Now, I’m sure some people think that I am minimizing the risks of Driving While Impaired, I can assure you I am not. Driving drunk is risky and endangers the lives of the Driver, their passengers, as well as the public in general. However, DWI’s have gotten so built up that we are sentencing people for the damage they could have done, not what they actually did!
Rest assured, if a Drunk Driver causes a wreck, it will be factored into their sentencing so they can receive a harsher sentence then if they hadn’t gotten in a wreck. Caused serious bodily injury? That’s a Grossly Aggravating Factor and would be a minimum, mandatory 7 days in jail. Prior DWI in the last 7 years? Same thing. Passenger in the vehicle under the age of 18? Level 1, minimum, mandatory 30 days in jail! That means if you are a first time offender, with a BAC of .08 and a 17 year old in the car (think about high schoolers coming home from a party or prom) and they are convicted, 30 days in jail.
It’s craziness to me that DWI’s are treated this way. The fact that the Defendant is participating in a risky activity results in a sentence that would appear to address the potential harm, instead of the actual harm caused. Let’s think of this in another way. North Carolina has passed laws against texting while driving. Some cities have even passed laws against using phones all together. There are those who believe that the use of a cell phone while driving is as dangerous as driving while impaired. Certainly there are plenty of stories out there about people who have been injured or killed because of someone texting or driving. Should we treat those who were caught texting and driving as harshly as those who have killed while texting and driving? Of course not, the punishment wouldn’t fit the crime.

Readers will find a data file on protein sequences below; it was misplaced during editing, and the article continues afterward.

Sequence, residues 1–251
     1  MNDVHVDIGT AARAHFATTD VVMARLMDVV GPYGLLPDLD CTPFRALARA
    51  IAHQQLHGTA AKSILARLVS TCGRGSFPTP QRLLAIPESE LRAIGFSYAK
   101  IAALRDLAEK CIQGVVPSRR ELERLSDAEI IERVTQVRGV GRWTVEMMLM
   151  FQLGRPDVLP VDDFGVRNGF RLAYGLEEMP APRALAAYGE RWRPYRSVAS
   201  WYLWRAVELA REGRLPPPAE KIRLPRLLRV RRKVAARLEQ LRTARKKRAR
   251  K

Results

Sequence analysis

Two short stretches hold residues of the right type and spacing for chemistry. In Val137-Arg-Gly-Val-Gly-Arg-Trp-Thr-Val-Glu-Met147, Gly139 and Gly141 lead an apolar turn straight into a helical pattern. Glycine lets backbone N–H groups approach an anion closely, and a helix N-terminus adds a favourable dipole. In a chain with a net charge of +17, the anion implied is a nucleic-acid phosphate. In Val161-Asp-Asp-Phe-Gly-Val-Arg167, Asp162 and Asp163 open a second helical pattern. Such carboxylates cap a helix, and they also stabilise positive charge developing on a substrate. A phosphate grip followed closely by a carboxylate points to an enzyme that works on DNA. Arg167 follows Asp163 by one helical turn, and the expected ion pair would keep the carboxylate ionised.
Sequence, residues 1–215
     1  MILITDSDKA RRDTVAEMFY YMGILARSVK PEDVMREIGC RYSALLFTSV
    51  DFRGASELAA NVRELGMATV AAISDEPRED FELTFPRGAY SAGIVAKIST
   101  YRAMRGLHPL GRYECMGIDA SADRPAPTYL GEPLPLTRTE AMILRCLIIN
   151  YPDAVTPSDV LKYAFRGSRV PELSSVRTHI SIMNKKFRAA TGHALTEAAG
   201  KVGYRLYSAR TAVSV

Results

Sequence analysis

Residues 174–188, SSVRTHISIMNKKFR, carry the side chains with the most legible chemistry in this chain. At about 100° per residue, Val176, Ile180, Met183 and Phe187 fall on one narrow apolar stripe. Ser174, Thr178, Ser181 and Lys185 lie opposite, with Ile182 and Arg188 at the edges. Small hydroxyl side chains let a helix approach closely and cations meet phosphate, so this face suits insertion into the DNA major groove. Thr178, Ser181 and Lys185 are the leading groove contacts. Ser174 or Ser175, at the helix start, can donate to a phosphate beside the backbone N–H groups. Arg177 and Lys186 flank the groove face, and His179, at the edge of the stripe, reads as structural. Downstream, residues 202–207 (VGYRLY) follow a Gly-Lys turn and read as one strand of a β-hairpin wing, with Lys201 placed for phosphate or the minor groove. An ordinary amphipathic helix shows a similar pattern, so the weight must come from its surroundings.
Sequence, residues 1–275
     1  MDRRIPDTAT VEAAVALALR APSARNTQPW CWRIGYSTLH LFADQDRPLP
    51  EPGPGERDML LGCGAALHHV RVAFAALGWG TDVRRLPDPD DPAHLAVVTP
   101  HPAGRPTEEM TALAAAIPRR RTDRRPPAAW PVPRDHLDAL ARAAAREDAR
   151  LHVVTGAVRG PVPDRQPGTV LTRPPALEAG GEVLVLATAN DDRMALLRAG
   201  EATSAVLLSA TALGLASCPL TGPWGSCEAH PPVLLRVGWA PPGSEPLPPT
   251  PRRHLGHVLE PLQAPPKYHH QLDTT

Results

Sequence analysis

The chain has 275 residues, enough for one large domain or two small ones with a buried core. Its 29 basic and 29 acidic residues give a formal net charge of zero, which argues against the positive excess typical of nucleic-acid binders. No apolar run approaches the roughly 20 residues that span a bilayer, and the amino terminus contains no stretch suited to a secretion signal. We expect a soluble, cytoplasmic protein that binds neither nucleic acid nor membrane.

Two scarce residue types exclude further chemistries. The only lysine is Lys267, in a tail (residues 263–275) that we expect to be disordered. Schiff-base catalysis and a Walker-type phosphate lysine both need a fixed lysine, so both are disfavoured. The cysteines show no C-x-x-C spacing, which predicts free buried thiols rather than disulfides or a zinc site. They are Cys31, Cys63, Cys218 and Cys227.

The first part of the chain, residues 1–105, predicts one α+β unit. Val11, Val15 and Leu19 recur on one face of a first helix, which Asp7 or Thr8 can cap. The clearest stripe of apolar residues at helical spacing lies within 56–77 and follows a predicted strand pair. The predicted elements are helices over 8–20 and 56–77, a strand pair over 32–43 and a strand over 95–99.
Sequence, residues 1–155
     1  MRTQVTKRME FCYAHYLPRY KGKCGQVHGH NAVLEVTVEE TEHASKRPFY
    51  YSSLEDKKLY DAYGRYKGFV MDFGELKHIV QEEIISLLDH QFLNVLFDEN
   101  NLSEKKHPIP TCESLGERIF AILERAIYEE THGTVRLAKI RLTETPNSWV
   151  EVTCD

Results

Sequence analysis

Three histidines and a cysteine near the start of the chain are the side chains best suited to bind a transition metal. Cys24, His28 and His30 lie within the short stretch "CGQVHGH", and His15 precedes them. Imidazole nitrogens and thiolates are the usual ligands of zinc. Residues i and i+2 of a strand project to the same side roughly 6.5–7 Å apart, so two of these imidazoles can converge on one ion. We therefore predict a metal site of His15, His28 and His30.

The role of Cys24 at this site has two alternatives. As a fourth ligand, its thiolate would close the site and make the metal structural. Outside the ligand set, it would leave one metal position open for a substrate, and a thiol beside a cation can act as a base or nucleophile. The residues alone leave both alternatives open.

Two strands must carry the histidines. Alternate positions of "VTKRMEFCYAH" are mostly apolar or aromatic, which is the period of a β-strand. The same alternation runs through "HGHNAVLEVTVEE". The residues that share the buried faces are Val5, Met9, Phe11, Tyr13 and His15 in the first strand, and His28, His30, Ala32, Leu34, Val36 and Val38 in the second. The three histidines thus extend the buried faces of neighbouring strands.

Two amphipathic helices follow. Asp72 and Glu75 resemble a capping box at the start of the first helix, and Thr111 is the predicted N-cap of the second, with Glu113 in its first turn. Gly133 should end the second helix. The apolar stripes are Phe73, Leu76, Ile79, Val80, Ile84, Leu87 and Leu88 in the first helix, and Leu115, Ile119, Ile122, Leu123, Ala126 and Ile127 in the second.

Here’s another way to think of this. I have a client who was associated with a fight in school. One of the young boys broke the eye socket of another boy during the fight. That young boy was charged with Assault and Battery. Having never been in trouble before, will have his case dismissed after he participated in a First Offender’s program, which includes community service and classes. There will be no monetary costs that he will incur from the criminal charge. However, most of my clients are first offenders, and many of those are low BAC DWI’s who did not injure anyone at all and will have their life seriously disrupted, incur thousands of dollars in costs (once you add up court costs, legal fees, and insurance costs) and have their ability to drive restricted for the next year. How is this fair? If we take the DWI sentencing logic and apply it the fight, the boy should face a sentence that reflects the injury he could have cause as a result of the fight. The boy could have suffered brain injury or even death, so let’s treat this case the same as if it did occur?
Okay, I think I have been up on my Soapbox long enough. Let me say again, I don’t advocate Driving While Impaired or even think that people shouldn’t face some of the consequences, but for a District Attorney to suggest that every single first-time offender of a Class 1 Misdemeanor should face a mandatory 7 day jail sentence is ludicrous. I think common sense needs to prevail and be applied to these cases. As it were, due to special interest groups (M.A.D.D. I’m looking at you), there is little chance that will ever happen.